The grave marker for Sydney Woodbury is not too far from our Clark Family and it is on the main path. It has been damaged and on the ground for a very long time. I have tried for several years to find out if he died at Antietam, since he died on the same day. He did serve in the navy, but it wouldn’t seem likely that a sailor would die at the Battle of Antietam. There is no death record for him. I have researched his entire family, thinking that I might find a family tree in Ancestry with information. No luck.
Sydney’s monument has been reset and is looking good. I decided to try again. I thought the newspaper for Gloucester would have a list of war casualties, so I looked in the Gloucester Telegraph for the 17th of September, 1862 and the week after. I scanned the lists of men serving and didn’t see him. Then an article caught my eye and as I was reading it, Sydney Woodbury’s name jumped off the page. The article was damaged in the middle, but the first paragraph was legible as was the part about Sydney.
The Gloucester Telegraph
Serious Railroad Collision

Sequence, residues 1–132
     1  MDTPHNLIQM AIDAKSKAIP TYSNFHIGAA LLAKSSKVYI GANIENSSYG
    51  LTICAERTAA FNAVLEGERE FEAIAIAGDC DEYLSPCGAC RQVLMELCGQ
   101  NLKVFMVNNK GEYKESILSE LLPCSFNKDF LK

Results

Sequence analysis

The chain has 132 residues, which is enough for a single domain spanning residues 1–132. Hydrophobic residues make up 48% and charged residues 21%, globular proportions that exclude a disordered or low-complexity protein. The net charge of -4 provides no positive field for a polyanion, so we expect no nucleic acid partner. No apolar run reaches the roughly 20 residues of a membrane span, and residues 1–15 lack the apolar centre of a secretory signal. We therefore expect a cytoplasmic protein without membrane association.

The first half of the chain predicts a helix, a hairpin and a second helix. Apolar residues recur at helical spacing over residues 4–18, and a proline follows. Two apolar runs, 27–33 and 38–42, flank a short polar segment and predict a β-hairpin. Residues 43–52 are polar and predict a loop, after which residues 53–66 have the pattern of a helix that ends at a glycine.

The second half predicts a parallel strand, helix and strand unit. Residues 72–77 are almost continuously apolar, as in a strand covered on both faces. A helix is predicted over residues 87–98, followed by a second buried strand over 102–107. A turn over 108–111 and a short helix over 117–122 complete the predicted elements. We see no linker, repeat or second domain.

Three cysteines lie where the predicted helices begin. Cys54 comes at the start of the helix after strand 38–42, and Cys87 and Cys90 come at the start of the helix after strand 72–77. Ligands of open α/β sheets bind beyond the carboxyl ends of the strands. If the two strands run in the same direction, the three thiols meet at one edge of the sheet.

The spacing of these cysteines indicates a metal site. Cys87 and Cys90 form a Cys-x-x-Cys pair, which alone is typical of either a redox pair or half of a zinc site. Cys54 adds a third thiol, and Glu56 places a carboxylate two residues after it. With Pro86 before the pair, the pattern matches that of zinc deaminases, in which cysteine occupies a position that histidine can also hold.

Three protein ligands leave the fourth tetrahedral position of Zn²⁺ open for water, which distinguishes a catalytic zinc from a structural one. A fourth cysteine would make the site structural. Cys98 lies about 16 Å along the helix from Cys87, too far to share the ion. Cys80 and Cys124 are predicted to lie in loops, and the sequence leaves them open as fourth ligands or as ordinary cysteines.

“A collision occurred on the Eastern Railroad at Wenham, a little before eight o’clock on Wednesday evening, between a train on the way to Newburyport, containing one passenger car, and a train of four cars returning from Portsmouth with about 200 persons who had been on an excursion to that city, under the direction of Mr. Perham.”
“The fireman of the excursion train, Sydney Woodbury of Gloucester, who has been employed on the road but a few days, was killed. – His head nearly severed.”
As the D2 cleaner takes effect in the coming weeks, his monument will be a handsome reminder of a young man lost in his prime. It will give me something to talk to him about as I clean knotweed from the Woodbury Family Plot.